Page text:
3. Retrieve the honey. Take the honey out of the hive. For this step a lever is often useful since honey works like glue, and bees do everything in their power to seal up any cracks (especially between the combs and the box).
4. Shake the bees off. Our boss-man, having years of experience, did this with ease. He used one quick motion to drop the bees back into the box onto freshly replaced honey-less honeycombs. With what looked like a paint brush, he swept the other bees of with delicate strokes.
5. Load the honey. Shamefully I must admit, I was too weak to lift up any of those boxes containing honey. Honey is deceptively heavy. Its so much heavier than water (and if you've ever carried a 5-gallon jug of water- you know its heavy).
6. Work. I honestly was not expecting to work so much at this point. This was a good-ten hour work day for 4+ people.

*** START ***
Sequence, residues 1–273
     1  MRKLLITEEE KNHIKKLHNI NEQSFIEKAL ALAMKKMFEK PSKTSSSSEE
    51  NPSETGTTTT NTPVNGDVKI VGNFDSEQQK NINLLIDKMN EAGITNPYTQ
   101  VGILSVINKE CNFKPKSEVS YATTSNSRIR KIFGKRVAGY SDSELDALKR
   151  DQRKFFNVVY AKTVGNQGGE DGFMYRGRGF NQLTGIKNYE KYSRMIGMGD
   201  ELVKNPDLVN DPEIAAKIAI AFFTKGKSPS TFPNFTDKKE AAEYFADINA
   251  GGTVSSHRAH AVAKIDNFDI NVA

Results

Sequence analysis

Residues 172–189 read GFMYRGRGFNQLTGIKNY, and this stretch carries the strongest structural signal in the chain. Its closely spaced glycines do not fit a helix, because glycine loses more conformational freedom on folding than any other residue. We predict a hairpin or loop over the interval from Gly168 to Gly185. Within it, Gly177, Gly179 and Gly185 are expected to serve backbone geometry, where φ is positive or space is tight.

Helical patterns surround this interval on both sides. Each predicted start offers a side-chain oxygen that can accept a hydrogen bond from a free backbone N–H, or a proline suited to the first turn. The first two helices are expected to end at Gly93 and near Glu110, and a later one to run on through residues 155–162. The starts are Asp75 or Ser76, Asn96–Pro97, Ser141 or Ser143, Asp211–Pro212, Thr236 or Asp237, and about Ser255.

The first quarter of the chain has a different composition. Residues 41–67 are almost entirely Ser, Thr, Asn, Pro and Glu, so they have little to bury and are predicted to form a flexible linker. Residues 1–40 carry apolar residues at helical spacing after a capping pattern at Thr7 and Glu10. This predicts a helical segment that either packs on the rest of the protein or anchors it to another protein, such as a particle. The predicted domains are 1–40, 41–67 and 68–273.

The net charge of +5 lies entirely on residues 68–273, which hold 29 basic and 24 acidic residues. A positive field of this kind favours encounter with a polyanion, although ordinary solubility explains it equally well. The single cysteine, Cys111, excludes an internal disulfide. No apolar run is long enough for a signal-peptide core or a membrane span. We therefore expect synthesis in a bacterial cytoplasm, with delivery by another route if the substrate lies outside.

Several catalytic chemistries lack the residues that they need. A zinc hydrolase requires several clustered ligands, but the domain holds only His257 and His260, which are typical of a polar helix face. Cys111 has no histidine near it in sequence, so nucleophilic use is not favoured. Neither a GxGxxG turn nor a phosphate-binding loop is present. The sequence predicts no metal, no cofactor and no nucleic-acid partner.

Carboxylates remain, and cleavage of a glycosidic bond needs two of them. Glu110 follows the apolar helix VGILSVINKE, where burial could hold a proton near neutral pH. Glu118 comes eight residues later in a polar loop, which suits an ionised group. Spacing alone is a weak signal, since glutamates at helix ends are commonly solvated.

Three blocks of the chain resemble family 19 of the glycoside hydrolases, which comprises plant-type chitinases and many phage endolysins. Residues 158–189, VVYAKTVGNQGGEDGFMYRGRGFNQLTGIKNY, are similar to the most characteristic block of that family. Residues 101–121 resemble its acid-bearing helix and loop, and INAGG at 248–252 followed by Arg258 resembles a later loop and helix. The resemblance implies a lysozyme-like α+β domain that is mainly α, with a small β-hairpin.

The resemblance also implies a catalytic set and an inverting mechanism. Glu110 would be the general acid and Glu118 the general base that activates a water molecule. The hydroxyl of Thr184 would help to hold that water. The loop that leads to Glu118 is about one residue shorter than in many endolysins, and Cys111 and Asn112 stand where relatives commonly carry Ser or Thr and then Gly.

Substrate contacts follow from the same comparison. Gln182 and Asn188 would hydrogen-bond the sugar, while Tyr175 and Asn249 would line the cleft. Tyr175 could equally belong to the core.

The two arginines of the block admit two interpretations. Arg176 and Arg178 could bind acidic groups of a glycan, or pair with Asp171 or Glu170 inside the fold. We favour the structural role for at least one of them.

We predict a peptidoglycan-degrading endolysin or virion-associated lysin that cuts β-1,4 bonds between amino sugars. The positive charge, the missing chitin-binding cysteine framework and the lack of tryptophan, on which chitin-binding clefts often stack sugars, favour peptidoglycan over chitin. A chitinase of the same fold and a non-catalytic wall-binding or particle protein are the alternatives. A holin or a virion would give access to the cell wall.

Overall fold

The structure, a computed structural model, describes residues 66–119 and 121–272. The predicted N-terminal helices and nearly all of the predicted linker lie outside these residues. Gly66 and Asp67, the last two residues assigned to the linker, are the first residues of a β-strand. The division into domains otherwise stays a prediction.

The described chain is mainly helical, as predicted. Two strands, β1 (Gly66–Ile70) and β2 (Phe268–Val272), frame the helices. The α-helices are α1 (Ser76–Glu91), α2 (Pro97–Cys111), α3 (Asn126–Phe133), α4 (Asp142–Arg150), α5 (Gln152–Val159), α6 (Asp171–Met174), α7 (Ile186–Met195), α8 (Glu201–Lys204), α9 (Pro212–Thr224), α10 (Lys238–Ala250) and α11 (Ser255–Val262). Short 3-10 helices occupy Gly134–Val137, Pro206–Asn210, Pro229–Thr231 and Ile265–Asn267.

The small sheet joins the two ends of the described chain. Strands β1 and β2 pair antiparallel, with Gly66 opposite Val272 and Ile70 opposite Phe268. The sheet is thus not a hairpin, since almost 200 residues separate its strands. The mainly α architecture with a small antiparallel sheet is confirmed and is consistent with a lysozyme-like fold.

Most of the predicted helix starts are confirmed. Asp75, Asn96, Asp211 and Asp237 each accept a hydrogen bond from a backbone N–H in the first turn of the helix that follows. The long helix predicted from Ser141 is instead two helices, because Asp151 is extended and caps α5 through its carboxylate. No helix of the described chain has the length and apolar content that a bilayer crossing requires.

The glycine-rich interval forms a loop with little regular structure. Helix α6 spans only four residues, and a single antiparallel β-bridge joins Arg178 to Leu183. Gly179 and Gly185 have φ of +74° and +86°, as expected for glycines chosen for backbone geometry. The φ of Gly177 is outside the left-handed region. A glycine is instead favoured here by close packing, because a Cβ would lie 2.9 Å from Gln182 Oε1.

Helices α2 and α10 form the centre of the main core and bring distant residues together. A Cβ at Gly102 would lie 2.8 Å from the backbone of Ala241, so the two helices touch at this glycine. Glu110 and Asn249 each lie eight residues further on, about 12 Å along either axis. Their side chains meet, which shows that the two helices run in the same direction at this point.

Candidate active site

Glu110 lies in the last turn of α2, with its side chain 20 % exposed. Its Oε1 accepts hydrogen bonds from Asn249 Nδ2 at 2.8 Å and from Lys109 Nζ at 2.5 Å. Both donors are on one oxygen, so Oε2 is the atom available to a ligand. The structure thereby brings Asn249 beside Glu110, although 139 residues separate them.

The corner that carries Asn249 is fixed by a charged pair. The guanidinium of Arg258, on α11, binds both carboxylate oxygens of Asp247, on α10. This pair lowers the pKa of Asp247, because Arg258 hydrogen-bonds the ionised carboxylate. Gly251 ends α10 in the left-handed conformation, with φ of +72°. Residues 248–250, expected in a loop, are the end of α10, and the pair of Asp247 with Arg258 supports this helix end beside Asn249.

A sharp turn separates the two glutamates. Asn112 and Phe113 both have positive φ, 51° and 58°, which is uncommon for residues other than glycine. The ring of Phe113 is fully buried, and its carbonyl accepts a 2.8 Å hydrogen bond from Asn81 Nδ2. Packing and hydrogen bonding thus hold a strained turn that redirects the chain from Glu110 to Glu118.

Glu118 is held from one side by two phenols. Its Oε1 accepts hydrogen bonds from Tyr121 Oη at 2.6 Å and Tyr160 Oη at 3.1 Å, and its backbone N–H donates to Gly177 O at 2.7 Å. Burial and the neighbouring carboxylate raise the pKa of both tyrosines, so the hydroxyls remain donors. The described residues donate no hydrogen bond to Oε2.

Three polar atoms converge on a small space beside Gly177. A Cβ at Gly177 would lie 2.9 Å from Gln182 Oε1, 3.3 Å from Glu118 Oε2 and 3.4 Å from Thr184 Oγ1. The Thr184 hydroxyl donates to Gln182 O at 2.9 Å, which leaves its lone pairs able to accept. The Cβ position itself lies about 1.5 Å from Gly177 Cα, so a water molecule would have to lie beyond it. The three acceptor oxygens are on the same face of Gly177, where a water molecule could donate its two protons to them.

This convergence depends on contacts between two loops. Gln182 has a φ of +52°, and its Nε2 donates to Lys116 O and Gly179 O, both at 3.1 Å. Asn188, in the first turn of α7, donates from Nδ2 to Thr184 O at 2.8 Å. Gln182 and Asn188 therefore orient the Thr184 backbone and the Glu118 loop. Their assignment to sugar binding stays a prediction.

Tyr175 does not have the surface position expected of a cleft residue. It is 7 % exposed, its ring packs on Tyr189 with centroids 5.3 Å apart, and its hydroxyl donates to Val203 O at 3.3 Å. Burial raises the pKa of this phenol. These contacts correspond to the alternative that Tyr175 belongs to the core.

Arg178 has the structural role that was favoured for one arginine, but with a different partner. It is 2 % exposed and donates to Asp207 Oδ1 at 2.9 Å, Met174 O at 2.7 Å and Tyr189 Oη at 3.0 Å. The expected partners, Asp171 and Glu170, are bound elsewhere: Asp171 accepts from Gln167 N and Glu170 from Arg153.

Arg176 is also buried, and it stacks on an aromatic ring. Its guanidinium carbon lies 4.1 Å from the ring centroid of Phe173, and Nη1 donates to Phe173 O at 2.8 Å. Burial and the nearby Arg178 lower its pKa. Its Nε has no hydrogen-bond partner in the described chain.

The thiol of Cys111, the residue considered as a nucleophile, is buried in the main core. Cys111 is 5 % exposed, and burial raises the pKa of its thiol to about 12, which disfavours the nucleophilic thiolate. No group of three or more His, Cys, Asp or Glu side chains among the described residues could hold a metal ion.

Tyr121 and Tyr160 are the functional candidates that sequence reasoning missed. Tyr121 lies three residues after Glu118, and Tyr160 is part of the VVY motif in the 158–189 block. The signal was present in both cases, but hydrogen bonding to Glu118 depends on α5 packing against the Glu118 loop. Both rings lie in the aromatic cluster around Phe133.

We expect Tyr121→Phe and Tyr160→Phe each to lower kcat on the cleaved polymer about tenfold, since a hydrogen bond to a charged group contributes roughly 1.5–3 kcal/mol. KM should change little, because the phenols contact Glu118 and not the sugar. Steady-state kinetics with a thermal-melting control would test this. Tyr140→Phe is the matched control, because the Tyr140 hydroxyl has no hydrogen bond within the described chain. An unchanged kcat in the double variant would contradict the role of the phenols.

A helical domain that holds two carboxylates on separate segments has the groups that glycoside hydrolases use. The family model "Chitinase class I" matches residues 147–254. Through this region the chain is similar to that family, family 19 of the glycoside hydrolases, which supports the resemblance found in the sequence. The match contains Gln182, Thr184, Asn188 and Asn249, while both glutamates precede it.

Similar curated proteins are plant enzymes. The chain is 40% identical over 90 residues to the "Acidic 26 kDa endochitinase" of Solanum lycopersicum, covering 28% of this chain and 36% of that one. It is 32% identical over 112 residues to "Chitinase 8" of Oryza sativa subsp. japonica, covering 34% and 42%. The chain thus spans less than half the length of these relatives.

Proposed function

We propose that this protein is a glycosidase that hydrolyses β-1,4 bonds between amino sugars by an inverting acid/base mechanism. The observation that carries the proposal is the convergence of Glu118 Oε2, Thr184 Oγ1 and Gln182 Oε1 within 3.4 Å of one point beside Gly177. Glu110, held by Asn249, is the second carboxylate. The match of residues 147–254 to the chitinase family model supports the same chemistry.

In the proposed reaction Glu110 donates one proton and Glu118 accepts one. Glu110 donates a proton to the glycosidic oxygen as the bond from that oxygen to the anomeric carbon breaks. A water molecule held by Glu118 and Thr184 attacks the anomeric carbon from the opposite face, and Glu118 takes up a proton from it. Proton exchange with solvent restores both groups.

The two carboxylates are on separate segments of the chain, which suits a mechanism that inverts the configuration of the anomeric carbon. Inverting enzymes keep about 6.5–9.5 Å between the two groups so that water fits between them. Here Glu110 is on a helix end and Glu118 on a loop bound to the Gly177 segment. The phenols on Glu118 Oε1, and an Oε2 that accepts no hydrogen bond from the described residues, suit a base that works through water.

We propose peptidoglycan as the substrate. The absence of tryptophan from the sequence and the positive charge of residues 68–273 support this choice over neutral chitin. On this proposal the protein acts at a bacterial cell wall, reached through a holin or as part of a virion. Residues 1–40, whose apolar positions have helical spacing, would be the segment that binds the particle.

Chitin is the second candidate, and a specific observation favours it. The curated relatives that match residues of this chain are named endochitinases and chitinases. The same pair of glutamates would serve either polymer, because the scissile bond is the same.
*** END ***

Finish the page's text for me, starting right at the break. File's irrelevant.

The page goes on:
7. Scrape that wax of the honey. We used metal combs to take the protective layer of wax off to expose the honey. This was a learning process, because you didn't want to take off too much honey with the wax, because then you're loosing that honey. But if you didn't take enough off the wax off, then the honey would be trapped when you put it in the centrifuge (that cylinder thing in step 7). The different colors of honey came from bees who had collected pollen from different species of flowers. The two photos below show different colors of pollen collected by bees (look at their back legs where they carry their pollen).
8. Messy business. Making honey is a messy business. You'll find your shoes peeling off the floor with every step. For the hours of work required to gather the honey, way too much time was required afterward to clean up.
9. Filter. Filtering honey is crucial. No one wants to find a bee larva, wax, or other stuff in their mason-jar full of honey. This is also a great time to stick a piece of cucumber or grape under that delicious flow to savor in the product you helped unleash into the world.